DOWN SYNDROME IS THE MOST COMMON FORM OF INTELLECTUAL DISABILITY IN THE WORLD
Down Syndrome (DS) is the most common form of intellectual disability (ID) in the world, with an incidence of 1 in 1000 births and affects more than 5 million people worldwide. It is characterized by the presence of an extra copy of human chromosome 21 (often shortened to Hsa21 for Homo sapiens chromosome 21), i.e. having 3 copies of chromosome 21 (trisomy 21) is the cause of DS. Within the European population, the prevalence of DS remains high due to increased maternal age and lack of antenatal follow-up in certain at-risk populations, as well as the increasing life expectancy of DS individuals. Mental and physical comorbidities appear at much higher frequency during the lifetime of individuals with DS compared to the typical population. The key to understanding co- and multi-morbidity lies in the elucidation of the common etiological molecular pathways that induce the coexistence of two or more diseases in an individual. Understanding the pathways and mechanisms involved in comorbidities and multi-morbidities is of major importance for the treatment of patients with such conditions.
The hypothesis is that etiological pathways controlling comorbidities could be better identified when diseases cluster in individuals who share a common pattern of influences or if their resilience or vulnerability is altered similarly. This suggests that specific genetic and/or epigenetic mechanisms associated with trisomy 21 predispose to specific disorders. The comorbid phenotypes seen in DS, much like comorbidities seen in the general population, are variable and not fully penetrant. Obesity, a central comorbidity in DS, is diagnosed on individuals presenting a body mass index larger than 30 kg/m2 and affects more than 640 million adults. The average worldwide prevalence is 39% and is expected to rise. Obesity prevalence is higher in ID and particularly increased in DS. Obesity in people with DS increases also the risk of multi-morbidities including obstructive sleep apnea, (which, if left untreated, can lead to hypertension, heart failure, and death), dyslipidemia, hyperinsulinemia, type 2 diabetes and gait disorder. Because people with DS have a longer lifespan nowadays, lead sedentary lifestyles, and remain obese, the incidence of these diseases is likely to increase among them in the future. Despite the complexity, the genetic risk associated with DS is clear and enables us to use DS as a paradigmatic condition to unravel some of the underlying mechanisms of obesity and further comorbid disorders.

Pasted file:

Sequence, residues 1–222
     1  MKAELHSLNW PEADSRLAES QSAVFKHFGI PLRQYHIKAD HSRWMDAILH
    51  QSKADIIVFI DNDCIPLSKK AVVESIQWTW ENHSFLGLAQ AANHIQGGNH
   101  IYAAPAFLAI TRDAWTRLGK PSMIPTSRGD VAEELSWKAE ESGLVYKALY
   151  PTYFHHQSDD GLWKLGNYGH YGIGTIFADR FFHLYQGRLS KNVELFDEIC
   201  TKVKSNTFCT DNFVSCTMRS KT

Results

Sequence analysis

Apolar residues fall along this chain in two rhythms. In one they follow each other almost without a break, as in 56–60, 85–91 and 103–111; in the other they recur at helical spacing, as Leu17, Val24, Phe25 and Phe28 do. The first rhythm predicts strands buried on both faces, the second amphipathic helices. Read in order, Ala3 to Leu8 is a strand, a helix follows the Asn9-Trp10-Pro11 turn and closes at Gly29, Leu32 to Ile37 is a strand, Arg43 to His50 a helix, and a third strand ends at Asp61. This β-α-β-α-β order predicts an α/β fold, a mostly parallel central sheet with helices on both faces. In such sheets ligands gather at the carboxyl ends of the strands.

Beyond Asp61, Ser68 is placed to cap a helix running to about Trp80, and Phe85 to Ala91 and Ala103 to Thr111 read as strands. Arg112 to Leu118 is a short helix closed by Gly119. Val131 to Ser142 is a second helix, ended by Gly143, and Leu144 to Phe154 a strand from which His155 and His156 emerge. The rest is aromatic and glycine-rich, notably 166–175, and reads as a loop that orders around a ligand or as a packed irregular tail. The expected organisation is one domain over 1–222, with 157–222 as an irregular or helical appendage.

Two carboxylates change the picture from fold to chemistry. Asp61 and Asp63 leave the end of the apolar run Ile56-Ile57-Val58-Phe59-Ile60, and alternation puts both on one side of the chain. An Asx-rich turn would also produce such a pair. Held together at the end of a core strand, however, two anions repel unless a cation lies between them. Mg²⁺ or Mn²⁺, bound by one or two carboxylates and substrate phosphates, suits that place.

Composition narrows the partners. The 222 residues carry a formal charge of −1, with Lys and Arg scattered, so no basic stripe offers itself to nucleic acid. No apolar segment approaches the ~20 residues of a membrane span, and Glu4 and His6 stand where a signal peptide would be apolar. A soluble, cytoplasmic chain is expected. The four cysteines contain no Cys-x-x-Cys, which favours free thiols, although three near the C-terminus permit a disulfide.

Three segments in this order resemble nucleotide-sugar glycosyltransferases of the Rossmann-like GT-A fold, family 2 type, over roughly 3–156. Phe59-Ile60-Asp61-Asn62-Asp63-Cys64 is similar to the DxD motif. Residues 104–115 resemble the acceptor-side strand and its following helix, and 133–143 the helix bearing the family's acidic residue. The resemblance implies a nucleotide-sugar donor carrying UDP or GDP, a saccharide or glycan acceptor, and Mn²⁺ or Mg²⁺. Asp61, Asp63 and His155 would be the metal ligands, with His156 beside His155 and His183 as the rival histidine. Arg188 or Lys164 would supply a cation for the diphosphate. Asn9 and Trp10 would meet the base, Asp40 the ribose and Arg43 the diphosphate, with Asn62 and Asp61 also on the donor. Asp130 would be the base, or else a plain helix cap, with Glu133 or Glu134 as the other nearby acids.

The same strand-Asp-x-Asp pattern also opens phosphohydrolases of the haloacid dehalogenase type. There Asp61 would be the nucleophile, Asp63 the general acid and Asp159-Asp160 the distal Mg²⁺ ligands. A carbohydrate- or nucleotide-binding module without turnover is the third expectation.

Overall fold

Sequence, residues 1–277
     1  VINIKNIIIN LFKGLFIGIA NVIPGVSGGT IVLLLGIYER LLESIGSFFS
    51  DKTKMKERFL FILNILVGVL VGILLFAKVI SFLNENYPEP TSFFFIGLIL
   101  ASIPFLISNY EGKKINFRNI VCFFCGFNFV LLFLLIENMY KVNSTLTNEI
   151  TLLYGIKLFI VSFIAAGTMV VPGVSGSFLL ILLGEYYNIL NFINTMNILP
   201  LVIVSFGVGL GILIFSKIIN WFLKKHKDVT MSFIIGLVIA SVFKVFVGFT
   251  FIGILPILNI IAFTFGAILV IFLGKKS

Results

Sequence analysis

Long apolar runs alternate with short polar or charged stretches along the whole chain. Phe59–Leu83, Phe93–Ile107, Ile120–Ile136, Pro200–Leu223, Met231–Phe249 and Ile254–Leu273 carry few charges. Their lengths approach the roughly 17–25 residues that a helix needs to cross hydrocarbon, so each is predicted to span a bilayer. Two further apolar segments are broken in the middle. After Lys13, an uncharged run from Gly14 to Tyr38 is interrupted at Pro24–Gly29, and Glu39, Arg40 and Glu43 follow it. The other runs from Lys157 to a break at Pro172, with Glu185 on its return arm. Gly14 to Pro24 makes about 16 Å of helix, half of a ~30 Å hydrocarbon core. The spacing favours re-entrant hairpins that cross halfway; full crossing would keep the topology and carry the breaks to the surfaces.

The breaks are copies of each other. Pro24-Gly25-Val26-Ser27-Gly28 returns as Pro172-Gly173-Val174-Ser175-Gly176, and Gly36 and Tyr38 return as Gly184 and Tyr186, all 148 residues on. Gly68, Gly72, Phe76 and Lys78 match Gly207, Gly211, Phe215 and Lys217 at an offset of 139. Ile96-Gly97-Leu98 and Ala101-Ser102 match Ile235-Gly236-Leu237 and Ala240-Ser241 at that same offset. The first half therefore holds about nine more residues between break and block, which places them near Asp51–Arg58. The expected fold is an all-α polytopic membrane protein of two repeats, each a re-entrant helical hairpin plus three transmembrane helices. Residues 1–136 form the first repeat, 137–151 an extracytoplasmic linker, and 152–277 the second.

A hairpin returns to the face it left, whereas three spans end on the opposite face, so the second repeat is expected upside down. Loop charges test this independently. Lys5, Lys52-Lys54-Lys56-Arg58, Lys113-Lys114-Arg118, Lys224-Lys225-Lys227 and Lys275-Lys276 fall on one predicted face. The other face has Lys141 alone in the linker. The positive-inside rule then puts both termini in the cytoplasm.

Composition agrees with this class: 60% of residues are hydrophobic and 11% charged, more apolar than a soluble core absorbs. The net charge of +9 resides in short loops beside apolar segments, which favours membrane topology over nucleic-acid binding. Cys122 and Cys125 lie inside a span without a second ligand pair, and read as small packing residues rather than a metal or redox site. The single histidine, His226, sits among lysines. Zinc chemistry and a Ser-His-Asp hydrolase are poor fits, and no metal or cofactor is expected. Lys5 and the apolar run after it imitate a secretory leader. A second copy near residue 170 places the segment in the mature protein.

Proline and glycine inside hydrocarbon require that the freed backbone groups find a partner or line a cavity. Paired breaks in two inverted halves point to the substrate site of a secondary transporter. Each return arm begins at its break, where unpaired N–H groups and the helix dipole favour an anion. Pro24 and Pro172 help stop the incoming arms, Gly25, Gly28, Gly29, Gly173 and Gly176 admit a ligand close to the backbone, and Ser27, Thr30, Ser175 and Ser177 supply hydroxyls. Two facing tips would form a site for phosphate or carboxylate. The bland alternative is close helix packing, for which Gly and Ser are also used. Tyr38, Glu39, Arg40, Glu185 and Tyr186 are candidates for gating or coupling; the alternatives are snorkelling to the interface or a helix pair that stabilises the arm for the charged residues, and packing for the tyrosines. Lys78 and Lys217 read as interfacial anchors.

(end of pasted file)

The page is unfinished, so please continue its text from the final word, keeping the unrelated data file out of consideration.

In this 5-year-long research project, this unique interdisciplinary consortium of DS experts consisting of clinicians, pathophysiologists, integrative bioinformaticians and artificial intelligence computer scientists will work together to improve the lives of people with DS (and others affected by obesity and intellectual disabilities).